One mans journey from denial to reality.

  16. prism 17

    Looking at a secondhand book giving helpful advice on self defence for teeagers I noticed from the library card that it had never been checked out, the card was totally clear. The book and its helpful info and photos had hardly been looked at. The same thing will happen about our future problems and only determined action will cause change.
    The idea of being precautionary, acting now for future gain is all pretty boring for our marshmallow generation. Im talking here about the well known experiment with these sweeties testing the tendency of toddlers to apply control for delayed gratification instead of the more satisfactory immediate buzz.
    I think the present style of government mitigates against making decisions of future importance, the politicians are limited by their fixed term and the inability to communicate with the incurious and unwilling thinkers of most of the citizens. We don’t want inconvenient truths and will punish a government that tries to persuade us, or worse raises taxes to provide revenue and economic signals guiding our actions to a better course.
    I have been thinking of the advantages of another representative body apart from and less than government, perhaps chosen at random, but being drawn from people of a certain criteria to ensure a mix of capable thinkers with diverse backgrounds. This group could be petitioned for changes to legislation to achieve better effectiveness. Government continually passes legislation that is found to be flawed when tested in reality. The group would be working with law, though it may also be deemed regulations I think they are called, where a body can impose certain rules under the aegis of government.
    As well there needs to be a Planning Body that we hear about, separate from government and its appointees, which looks at our future problems providing an overview.
    This is all rather long and rambling but its so easy to throw mudpies and run away when disputing something. Thinking about how to improve, do better, takes time, like that cheese on tv ads.

  17. BLiP 18

    Merry Christmas from NZ Bus.

    • Transparent 18.1

      Not just Auckland passengrs but those in Wellingtaon also mised out on free travel on Christmas day. The drivers down here (of whom I am one) didn’t get a hamper either despite our being the only business group of NZ Bus to actually increase profit in the quarter. And the pens? adding insult to injury as far as I and many other drivers here in Wgtn are concerned. Go NZ Scrooge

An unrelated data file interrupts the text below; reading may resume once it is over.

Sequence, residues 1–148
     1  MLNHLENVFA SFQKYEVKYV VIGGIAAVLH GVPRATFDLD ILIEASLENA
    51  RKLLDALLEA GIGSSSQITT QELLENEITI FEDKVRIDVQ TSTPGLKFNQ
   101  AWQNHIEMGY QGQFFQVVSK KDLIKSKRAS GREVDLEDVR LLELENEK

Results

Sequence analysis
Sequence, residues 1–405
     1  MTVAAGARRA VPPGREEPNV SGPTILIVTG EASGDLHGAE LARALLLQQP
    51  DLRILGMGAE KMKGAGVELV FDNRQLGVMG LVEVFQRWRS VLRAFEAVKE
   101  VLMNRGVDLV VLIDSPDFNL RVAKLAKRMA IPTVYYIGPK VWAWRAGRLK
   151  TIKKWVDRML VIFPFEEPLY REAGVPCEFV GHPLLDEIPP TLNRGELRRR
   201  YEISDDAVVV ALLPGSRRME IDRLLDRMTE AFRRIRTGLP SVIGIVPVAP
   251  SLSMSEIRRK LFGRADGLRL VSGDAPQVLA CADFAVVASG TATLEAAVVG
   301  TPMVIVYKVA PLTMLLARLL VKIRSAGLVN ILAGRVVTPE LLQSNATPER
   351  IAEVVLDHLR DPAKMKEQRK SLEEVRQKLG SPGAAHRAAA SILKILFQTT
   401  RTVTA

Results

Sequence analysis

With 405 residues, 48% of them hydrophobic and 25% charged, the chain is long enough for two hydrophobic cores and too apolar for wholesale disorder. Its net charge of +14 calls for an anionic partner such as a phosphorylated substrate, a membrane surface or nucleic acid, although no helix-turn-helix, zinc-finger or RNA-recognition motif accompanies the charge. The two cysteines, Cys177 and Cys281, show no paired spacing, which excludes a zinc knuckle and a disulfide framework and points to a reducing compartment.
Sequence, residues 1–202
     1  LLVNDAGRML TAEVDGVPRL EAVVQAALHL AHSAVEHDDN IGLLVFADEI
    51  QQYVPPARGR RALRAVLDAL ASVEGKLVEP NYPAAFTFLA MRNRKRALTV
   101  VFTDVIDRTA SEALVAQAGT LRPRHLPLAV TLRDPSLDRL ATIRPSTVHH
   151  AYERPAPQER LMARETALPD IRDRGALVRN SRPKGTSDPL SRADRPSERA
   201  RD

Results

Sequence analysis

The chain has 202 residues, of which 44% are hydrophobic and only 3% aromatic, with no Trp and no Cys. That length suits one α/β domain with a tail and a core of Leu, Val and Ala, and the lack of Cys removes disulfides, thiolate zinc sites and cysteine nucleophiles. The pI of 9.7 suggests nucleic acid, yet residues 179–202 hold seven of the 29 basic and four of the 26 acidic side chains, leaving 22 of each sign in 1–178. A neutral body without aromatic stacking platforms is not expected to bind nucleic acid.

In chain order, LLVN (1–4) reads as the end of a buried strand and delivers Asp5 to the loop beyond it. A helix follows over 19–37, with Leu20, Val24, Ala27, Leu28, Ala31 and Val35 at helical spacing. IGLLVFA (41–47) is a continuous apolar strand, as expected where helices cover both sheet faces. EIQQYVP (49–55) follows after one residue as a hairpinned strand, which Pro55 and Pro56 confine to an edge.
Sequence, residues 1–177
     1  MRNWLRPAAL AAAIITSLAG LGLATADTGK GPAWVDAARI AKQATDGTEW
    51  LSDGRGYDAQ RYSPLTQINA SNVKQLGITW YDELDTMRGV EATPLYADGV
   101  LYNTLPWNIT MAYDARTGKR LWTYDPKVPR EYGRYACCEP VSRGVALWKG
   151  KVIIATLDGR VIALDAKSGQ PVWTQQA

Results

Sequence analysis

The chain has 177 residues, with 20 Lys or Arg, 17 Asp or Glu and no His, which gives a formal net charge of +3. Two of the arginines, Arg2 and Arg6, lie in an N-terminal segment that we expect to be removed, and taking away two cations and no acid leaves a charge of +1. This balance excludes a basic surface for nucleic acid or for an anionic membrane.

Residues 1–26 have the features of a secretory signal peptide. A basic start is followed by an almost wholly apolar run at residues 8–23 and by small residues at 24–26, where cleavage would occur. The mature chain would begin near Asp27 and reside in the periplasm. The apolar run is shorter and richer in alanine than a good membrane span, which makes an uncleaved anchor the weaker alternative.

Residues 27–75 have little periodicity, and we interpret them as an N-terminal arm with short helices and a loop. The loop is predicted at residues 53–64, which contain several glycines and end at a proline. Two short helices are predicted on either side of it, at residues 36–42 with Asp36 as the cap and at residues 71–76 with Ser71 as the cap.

18. The Chairman 19

    WASHINGTON – A new report finds that the Centers for Disease Control and Prevention did a poor job of screening medical experts for financial conflicts when it hired them to advise the agency on vaccine safety, officials said.

    Most of the experts who served on advisory panels in 2007 to evaluate vaccines for flu and cervical cancer had potential conflicts that were never resolved.

    Some were legally barred from considering the issues but did so anyway.

    In the report, Daniel R. Levinson, the inspector general of the Department of Health and Human Services, found that the centers failed nearly every time to ensure that the experts adequately filled out forms confirming they were not being paid by companies with an interest in their decisions.

    As numerous medicines have been pulled from the market in recent years, worries have grown that experts may be recommending medical products – even ones they know to be unsafe – in part because manufacturers are paying them

    More here: http://tinyurl.com/yej6xao

  19. Tigger 20

    100% pure spin…

    Well our ETS doesn’t reduce emissions and we’re going to mine the crap out of our pristine parks so we’d better change our brand…

    • felix 20.1

      And what’s more there are Asians on your beach. http://www.nzherald.co.nz/nz/news/article.cfm?c_id=1&objectid=10598655

      Should Asians be banned from beaches in New Zealand? Have your say.

      • BLiP 20.1.1

        Never mind the Asians, what about the icecream vendors. What’s next, a McDonalds atop Aoraki?

        Thank’s National Ltd® – I’m lovin’ it.

        • prism